That does not tally with your blind defence.

Quote

My point is that the hadith was compiled together by a few compilers in later versions of Sahih Bukhari, al-Hadha being one of them.

Khalid al-Hadha lived BEFORE al-Bukhari. How did he manage to compile Sahih al-Bukhari later from his grave?

Quote

Like I said, Muawiyah believed he was calling to heaven and his enemies were calling to hellfire.  He is excused due to his ijtihad.  The hadith is clearly stating that one side was correct and the other was wrong without being too specific.  

Do you agree that Mu'awiyah and his gang were the murderers of 'Ammar b. Yasir?

That shouldn't be too hard for you to answer.

Edited by أبو فاطمة المحمدي

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15 minutes ago, Al Afari said:

Calling people to hellfire, by agreement is calling to that which leads to it, such as disobeying the rightful caliph.  In the hadith it also says those who consume riba or orphan's wealth are in the fire.  That doesn't necessarily mean that those people are directly in hell, rather it is a warning from an act that leads to hell.

Pardon me, but do you know how ridiculous your reply sounds?

On one hand you have a rightful caliph (unless you don't think of Imam Ali (as) as a rightful caliph) and on the other a rebel. Clearly, it is a case of Muwaiyah disobeying the rightful caliph which means he leads the people along with him to hell. You have just said it yourself. He is inviting people to hell-fire as that's where he is going. I am not sure on what basis you are arguing here. Verdict is as clear here as daylight.

 

 

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2 minutes ago, أبو فاطمة المحمدي said:

Let me get you clear here. You are saying that Mu'awiyah considered himself a "caliph"?

Well, this is from al-'Asqalani in Fath al-Bari:

وقد ذكر يحيى بن سليمان الجعفي أحد شيوخ البخاري في كتاب صفين في تأليفه بسند جيد عن أبي مسلم الخولاني انه قال لمعاوية أنت تنازع عليا في الخلافة أو أنت مثله قال لا وأني لأعلم أنه أفضل مني وأحق بالأمر ولكن ألستم تعلمون أن عثمان قتل مظلوما وأنا بن عمه ووليه أطلب بدمه

Yahya b. Sulayman al-Ju'fi, one of the teachers of al-Bukhari, mentioned in his Kitab Siffin with a good chain from Abu Muslim al-Khawlani, that he said to Mu'awiyah: "Are you disputing with 'Ali concerning the khilafah or are you like him?" He said, "NO, and I know that he is better than me, and is more entitled to power. But, don't you know that 'Uthman was murdered and I am his cousin, and his heir, and I am seeking revenge for his blood."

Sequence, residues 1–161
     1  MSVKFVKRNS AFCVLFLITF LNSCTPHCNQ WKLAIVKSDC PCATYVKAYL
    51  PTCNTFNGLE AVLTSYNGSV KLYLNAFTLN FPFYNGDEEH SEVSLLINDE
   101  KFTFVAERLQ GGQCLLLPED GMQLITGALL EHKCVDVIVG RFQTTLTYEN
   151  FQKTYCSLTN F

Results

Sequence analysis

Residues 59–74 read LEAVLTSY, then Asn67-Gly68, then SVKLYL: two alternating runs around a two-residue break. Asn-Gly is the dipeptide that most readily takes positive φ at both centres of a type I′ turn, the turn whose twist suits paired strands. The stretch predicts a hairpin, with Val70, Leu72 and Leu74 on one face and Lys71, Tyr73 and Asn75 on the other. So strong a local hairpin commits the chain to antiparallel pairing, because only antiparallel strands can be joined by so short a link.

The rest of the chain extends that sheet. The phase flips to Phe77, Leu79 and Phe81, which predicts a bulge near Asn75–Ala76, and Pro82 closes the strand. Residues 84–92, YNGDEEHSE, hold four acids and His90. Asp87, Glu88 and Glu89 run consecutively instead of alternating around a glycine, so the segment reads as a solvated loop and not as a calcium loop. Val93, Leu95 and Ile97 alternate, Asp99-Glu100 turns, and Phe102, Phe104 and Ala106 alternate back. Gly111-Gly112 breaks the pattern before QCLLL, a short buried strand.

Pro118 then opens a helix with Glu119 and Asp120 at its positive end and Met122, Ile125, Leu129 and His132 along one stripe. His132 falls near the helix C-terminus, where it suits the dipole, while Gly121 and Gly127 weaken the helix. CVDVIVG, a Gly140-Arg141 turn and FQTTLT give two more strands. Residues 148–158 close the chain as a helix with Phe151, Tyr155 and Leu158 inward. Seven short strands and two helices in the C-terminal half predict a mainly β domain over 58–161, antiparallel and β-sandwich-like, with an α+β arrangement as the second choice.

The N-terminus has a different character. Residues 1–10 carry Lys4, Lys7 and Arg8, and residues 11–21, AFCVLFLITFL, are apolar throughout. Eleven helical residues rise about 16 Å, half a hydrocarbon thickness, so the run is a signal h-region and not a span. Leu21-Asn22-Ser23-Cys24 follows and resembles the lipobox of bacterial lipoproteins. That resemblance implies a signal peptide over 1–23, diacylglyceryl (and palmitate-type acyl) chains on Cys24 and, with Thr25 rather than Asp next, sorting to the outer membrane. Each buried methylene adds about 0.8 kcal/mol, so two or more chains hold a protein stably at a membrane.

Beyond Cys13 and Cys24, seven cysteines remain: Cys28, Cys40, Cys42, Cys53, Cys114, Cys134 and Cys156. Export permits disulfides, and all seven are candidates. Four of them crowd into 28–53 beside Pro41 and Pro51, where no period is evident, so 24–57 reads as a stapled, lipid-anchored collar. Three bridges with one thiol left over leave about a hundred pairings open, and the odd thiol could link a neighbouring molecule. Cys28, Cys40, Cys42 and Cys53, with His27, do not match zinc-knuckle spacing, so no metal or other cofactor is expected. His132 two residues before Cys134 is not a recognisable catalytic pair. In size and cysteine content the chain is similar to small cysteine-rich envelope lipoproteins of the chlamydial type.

You're right here.  Muawiyah did fight Ali due to his misinterpretation of the texts rather than for rulership.

 

5 minutes ago, أبو فاطمة المحمدي said:

Khalid al-Hadha lived BEFORE al-Bukhari. How did he manage to compile Sahih al-Bukhari later from his grave?

The hadith still did not exist in the interpolated form in the original sahih.  

6 minutes ago, أبو فاطمة المحمدي said:

Do you agree that Mu'awiyah and his gang were the murderers of 'Ammar b. Yasir?

That shouldn't be too hard for you to answer.

Yes, they clearly killed him.  They were transgressing because Ammar was calling people to obey the rightful caliph(which was the haq, that's why he's calling to paradise), while Muawiyas group was calling to something else and was transgressing (calling to hell-fire)

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1 minute ago, Al Afari said:

You're right here.  Muawiyah did fight Ali due to his misinterpretation of the texts rather than for rulership.

Which text was he "misinterpreting"? Would you mind quoting that text?

Also, he called himself the blood "heir" of 'Uthman, even though the latter had biological children. Please tell us: how was Mu'awiyah the blood heir of 'Uthman, at the expense of 'Uthman's children?

Now, you have agreed that the hadith about obeying even unjust rulers applied to Mu'awiyah too. Are you still going to claim that he was only doing "ijtihad" despite the existence of clear nass against rebellion?

Quote

The hadith still did not exist in the interpolated form in the original sahih.  

I see. So, who interpolated the "dangerous" part into Sahih al-Bukhari? Any names?

Quote

Yes, they clearly killed him.  They were transgressing because Ammar was calling people to obey the rightful caliph(which was the haq, that's why he's calling to paradise), while Muawiyas group was calling to something else and was transgressing (calling to hell-fire)

What is the "reward" of anyone who murders a believer?

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4 minutes ago, yam_110 said:

Pardon me, but do you know how ridiculous your reply sounds?

On one hand you have a rightful caliph (unless you don't think of Imam Ali (as) as a rightful caliph) and on the other a rebel. Clearly, it is a case of Muwaiyah disobeying the rightful caliph which means he leads the people along with him to hell. You have just said it yourself. He is inviting people to hell-fire as that's where he is going. I am not sure on what basis you are arguing here. Verdict is as clear here as daylight.

Calling to hell-fire is a term meaning that they were calling to that which LEADS to it, which is disobeying the rightful leader.  When two parties are committing ijtihad against one another, someone  is right and someone is wrong.  After the fact Muawiyah felt regret, through that regret he repented.

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1 minute ago, Al Afari said:

Calling to hell-fire is a term meaning that they were calling to that which LEADS to it, which is disobeying the rightful leader.  When two parties are committing ijtihad against one another, someone  is right and someone is wrong.  After the fact Muawiyah felt regret, through that regret he repented.